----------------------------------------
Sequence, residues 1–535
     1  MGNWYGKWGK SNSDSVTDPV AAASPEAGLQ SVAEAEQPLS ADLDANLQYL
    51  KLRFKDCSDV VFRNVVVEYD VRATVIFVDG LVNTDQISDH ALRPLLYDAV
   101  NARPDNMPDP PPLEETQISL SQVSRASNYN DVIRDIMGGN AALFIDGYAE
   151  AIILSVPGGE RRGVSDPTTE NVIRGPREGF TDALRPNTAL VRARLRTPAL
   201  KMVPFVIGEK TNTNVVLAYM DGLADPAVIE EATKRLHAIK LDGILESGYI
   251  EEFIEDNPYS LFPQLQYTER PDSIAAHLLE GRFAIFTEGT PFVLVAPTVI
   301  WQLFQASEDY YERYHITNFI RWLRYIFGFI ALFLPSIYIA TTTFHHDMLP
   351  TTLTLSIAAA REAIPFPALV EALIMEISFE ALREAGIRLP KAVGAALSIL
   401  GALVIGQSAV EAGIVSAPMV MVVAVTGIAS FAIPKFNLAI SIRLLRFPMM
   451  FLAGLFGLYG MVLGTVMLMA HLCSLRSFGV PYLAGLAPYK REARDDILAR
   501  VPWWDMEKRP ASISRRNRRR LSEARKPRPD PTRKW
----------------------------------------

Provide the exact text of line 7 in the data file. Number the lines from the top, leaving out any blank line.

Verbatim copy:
   251  EEFIEDNPYS LFPQLQYTER PDSIAAHLLE GRFAIFTEGT PFVLVAPTVI